Thursday, July 7, 2011

Indian Remote Sensing Data Policy Has Been Updated

A country that has launched ten remote sensing satellites has finally decided to share some of its riches with the true custodians of that data - its citizens.

The Government of India recently announced its new data policy for the management and dissemination of satellite remote sensing data. Of most interest to users is that data upto 1 meter resolution will be disseminated to all users on a "non-discriminatory basis". Previously only government users had easier access to 1 meter resolution images. Only data upto 5.8 meter resolution was being distributed to private users without permissions and security clearances.  With this new policy, the 1 meter data is still going to be pre-screened by the government to mask sensitive areas, but no further permissions will be required.

This policy although an improvement is still restrictive. If you are a private user or a private company and want data better than one meter taken from foreign or Indian satellites you will need to be approved by the government if you want to buy this best data in India. Several foreign satellites and the Indian Cartosat -2A and 2B collect sub-meter images. Data purchase in India is from the National Remote Sensing Centre.

You can of course purchase data of India taken from foreign satellites outside India also, which was one of the arguments that restrictions of any kind just don't make any sense.

What does this mean for different users of satellite data?

1) If you are a professional user of satellite images and are working with the Indian government then not much. You always had easy access to high resolution data.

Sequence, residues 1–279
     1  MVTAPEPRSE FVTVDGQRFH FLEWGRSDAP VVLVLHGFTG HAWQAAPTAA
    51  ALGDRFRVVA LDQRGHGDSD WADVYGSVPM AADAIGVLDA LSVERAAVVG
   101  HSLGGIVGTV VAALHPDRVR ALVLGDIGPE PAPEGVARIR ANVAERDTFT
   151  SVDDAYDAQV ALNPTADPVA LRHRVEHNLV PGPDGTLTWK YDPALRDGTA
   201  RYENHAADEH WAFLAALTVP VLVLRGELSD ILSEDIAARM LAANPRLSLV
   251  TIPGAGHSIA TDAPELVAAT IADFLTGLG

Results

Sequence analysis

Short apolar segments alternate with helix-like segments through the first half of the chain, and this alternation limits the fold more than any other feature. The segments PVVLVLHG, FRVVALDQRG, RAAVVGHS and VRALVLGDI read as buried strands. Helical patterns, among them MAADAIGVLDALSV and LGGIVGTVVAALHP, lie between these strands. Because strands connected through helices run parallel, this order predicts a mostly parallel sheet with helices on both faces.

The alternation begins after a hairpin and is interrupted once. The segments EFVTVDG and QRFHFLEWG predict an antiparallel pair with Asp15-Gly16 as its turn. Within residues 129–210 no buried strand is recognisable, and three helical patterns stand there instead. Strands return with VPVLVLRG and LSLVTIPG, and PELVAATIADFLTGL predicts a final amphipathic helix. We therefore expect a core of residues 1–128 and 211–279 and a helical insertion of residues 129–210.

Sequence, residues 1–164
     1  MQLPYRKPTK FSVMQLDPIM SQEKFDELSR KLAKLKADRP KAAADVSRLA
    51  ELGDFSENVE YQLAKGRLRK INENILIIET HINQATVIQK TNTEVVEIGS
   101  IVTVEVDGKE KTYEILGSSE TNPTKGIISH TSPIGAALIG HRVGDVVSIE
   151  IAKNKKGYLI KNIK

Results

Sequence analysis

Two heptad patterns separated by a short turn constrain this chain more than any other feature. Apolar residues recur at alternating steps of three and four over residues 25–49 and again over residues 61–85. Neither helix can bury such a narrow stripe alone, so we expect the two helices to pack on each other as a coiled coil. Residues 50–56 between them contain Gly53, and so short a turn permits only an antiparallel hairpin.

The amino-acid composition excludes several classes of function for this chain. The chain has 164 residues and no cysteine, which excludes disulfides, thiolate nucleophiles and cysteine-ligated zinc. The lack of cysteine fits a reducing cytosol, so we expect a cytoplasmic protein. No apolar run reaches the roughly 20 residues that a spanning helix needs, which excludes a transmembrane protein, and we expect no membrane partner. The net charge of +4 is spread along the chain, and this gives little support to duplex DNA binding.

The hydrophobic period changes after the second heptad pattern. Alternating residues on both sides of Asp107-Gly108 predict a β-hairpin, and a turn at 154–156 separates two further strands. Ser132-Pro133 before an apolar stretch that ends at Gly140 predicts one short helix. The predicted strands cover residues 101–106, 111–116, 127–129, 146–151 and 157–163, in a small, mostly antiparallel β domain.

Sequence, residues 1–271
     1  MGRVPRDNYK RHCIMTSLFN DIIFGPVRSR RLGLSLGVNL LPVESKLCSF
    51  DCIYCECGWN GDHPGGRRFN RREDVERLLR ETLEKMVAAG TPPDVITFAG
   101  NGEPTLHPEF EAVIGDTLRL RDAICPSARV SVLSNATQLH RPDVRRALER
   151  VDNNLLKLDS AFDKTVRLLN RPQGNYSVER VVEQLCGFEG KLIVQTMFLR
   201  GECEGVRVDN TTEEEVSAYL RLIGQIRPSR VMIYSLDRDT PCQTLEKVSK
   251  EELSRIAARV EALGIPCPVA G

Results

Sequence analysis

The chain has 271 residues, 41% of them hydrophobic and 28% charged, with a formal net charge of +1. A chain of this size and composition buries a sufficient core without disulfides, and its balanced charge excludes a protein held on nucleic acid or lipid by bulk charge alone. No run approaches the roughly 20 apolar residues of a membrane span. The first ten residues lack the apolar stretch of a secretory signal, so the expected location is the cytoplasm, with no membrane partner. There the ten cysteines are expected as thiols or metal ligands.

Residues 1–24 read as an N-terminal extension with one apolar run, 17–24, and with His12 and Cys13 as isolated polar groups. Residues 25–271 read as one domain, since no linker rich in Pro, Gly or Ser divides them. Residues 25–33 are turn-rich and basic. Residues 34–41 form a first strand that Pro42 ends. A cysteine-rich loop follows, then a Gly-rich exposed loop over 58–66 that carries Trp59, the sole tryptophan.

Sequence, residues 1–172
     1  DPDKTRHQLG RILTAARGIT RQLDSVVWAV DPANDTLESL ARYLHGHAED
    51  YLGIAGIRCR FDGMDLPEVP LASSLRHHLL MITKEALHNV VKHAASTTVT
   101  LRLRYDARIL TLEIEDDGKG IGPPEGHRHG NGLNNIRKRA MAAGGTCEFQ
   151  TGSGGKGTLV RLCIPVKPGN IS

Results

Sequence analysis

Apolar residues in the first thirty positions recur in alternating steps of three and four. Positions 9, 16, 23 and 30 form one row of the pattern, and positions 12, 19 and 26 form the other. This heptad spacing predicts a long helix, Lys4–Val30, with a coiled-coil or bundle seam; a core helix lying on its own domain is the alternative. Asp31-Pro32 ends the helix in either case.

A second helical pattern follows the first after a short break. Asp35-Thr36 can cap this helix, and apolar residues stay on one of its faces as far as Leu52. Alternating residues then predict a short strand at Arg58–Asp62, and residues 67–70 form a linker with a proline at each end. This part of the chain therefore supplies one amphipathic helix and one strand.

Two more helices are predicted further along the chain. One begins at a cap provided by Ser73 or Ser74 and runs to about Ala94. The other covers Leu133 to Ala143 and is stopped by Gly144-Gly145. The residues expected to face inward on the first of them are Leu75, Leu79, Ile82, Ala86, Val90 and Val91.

2) If you are a private user or a private company then you will find ordering 1 meter resolution images easier. No further screening of your application will be necessary and you should be able to get hold of the data quicker than before.

3) For the casual user- Will Bhuvan - ISRO's flagship web mapping application - start streaming 1 meter resolution images of India?  Until now because of policy restrictions it could stream only 5.8 meter resolution images at best. This affects the non-professional user, people who are currently going to Google Maps or Google Earth for browsing images of India. If Bhuvan starts streaming 1 meter resolution images will more people move from Google to Bhuvan?

I doubt it. Google is streaming superb high resolution images of India and it may even release - or already has - sub- meter images which Bhuvan will be unable to do due to restrictions on dissemination of data better than one meter. Besides there is the problem of usability and performance. I am not very impressed with Bhuvan. The image loading is slow. The one advantage that Bhuvan had claimed over Google was India specific additional layers on natural resources. Yet I found that rendering of these layers is non-optimal and geo-processing tasks are not compatible with all browsers. In short, Bhuvan still has the look of an unfinished product. As far as popular usage of satellite images goes, Google has a substantial hold on Indian users and it looks like it will stay that way.

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